See Note 15 for additional information on the severance and employee benefit costs for terminated employees and impairment of assets in connection with the Company’s Restructuring Plan.
8


Recent Accounting Pronouncements
Adopted
In June 2016, the Financial Accounting Standards Board issued Accounting Standards Update (“ASU”) No. 2016-13, Financial Instruments - Credit Losses (Topic 326): Measurement of Credit Losses on Financial Instruments (“ASU 2016-13”), with amendments in 2018, 2019, 2020, and 2022. The ASU sets forth a “current expected credit loss” model that requires companies to measure all expected credit losses for financial instruments held at the reporting date based on historical experience, current conditions, and reasonable supportable forecasts. ASU 2016-13 applies to financial instruments that are not measured at fair value, including receivables that result from revenue transactions. The Company adopted ASU 2020-06 on January 1, 2023, using a modified retrospective approach, and it did not have a material impact on the Company’s consolidated financial statements.
Note 3 – Revenue
The Company's accounts receivable included $71.1 million and $53.8 million related to amounts that were billed to customers and $52.6 million and $28.6 million related to amounts which had not yet been billed to customers as of September 30, 2023 and December 31, 2022, respectively. During the nine months ended September 30, 2023, and 2022, changes in the Company’s accounts receivables, allowance for doubtful accounts, and deferred revenue balances were as follows (in thousands):
Balance, Beginning of PeriodAdditionsDeductions Balance, End of Period
Accounts receivable:
Nine Months Ended September 30, 2023$96,210 $981,305 $(946,182)$131,333 
Nine Months Ended September 30, 2022454,993 1,519,345 (1,862,693)111,645 
Allowance for doubtful accounts(1):
Nine Months Ended September 30, 2023$(13,835)$ $6,159 $(7,676)
Nine Months Ended September 30, 2022    
Deferred revenue:(2)
Nine Months Ended September 30, 2023$549,551 $422,766 $(171,288)$801,029 
Nine Months Ended September 30, 20221,595,472 96,298 (251,576)1,440,194 
(1)    There was no bad debt expense recorded during the three and nine months ended September 30, 2023 or 2022. There was a $6.2 million reversal of a bad debt allowance during the nine months ended September 30, 2023 due to the collection of a previously recognized allowance for doubtful accounts. To estimate the allowance for doubtful accounts, the Company evaluates the credit risk related to its customers based on historical loss experience, economic conditions, the aging of receivables, and customer-specific risks.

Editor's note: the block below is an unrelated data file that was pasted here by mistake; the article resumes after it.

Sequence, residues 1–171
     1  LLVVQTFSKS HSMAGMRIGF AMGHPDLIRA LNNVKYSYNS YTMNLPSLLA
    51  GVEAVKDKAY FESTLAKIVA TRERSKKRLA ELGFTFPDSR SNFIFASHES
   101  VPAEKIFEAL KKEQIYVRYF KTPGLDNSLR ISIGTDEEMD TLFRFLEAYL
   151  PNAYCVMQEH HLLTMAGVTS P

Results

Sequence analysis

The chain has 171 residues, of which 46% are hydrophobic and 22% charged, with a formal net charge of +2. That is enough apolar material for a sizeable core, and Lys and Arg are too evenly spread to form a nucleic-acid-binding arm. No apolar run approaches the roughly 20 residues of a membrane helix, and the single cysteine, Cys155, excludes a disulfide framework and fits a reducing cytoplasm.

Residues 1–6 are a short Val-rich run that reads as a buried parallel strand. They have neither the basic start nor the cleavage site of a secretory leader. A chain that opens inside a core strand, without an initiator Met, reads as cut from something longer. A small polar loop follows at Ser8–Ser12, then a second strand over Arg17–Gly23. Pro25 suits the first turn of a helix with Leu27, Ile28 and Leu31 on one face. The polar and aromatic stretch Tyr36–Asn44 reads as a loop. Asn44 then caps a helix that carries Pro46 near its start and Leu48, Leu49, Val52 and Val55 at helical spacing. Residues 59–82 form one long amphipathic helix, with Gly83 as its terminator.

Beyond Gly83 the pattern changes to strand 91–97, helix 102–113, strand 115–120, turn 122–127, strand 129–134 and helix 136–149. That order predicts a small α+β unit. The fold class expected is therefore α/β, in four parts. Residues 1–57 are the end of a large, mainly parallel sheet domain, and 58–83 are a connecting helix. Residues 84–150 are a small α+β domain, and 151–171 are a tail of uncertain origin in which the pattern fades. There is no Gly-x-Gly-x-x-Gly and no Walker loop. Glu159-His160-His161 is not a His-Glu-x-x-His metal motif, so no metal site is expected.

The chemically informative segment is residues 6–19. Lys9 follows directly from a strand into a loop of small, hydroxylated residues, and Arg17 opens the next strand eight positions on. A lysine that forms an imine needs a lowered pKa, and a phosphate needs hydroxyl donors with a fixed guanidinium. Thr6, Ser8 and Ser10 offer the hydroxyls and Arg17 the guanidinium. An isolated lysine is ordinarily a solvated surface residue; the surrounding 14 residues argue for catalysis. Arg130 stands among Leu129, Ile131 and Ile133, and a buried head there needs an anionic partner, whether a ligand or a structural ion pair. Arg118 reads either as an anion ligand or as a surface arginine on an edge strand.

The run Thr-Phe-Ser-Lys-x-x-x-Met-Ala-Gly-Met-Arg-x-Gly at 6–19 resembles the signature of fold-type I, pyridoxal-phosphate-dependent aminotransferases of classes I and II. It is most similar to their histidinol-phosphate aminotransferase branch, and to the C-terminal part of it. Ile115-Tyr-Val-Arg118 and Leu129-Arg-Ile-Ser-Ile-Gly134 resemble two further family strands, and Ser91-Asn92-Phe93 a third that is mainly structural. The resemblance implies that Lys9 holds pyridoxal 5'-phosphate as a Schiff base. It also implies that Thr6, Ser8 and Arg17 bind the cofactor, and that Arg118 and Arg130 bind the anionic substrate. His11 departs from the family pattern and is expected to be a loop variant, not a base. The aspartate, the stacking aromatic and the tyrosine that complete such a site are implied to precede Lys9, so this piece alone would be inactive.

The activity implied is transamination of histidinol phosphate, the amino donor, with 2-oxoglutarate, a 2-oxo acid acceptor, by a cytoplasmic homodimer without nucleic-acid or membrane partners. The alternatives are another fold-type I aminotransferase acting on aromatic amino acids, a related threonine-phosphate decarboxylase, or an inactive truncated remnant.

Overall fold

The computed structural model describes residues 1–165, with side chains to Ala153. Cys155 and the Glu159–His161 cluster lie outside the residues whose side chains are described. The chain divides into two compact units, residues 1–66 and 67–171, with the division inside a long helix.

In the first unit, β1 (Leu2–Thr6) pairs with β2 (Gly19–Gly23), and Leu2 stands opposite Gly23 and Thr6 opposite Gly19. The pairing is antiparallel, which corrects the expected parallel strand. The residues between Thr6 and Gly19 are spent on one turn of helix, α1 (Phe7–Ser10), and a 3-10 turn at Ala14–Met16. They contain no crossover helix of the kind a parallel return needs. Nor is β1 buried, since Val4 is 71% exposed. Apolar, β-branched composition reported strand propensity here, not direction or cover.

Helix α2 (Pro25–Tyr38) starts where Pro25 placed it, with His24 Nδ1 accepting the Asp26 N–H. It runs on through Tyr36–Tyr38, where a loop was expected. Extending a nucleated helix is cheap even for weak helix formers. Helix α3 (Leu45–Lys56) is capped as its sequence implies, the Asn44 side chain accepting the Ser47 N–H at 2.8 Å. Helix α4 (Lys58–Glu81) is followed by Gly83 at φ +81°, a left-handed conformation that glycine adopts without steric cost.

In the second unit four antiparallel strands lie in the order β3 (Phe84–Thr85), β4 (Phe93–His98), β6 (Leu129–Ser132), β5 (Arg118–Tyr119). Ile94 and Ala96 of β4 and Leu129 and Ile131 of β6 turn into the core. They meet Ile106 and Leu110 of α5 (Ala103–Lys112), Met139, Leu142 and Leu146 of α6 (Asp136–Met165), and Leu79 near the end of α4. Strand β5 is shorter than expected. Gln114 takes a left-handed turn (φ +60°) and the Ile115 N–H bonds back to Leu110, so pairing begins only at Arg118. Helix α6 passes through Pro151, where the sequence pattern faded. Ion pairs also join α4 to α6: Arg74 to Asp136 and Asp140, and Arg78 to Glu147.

(2) Deductions from Deferred revenue generally related to the recognition of revenue once performance obligations on a contract with a customer are met. During the three and nine months ended September 30, 2023, deductions included a $112.5 million reclassification of refundable upfront payments previously included in Deferred revenue to Other current liabilities. There were no such reclassifications during the three and nine months ended September 30, 2022.
9


As of September 30, 2023, the aggregate amount of the transaction price allocated to performance obligations that were unsatisfied (or partially unsatisfied), excluding amounts related to sales-based royalties, the Gavi APA, and the reduction in doses related to the Amended and Restated SARS-CoV-2 Vaccine Supply Agreement, dated as of July 1, 2022 (as amended on September 26, 2022, the “Amended and Restated UK Supply Agreement”) between the Company and the Authority, which amended and restated the Original UK Supply Agreement, was approximately $2 billion of which $801.0 million was included in Deferred revenue. Failure to meet regulatory milestones, timely obtain supportive recommendations from governmental advisory committees, or achieve product volume or delivery timing obligations under the Company’s advance purchase agreements may require the Company to refund portions of upfront and other payments or result in reduced future payments, which could adversely impact the Company’s ability to realize revenue from its unsatisfied performance obligations. The timing to fulfill performance obligations related to grant agreements will depend on the results of the Company's research and development activities, including clinical trials. The timing to fulfill performance obligations related to APAs will depend on the timing of product manufacturing, receipt of marketing authorizations for additional indications, delivery of doses based on customer demand, and the ability of the customer to request the Company’s updated vaccine in place of the prototype vaccine under certain of the Company’s APAs.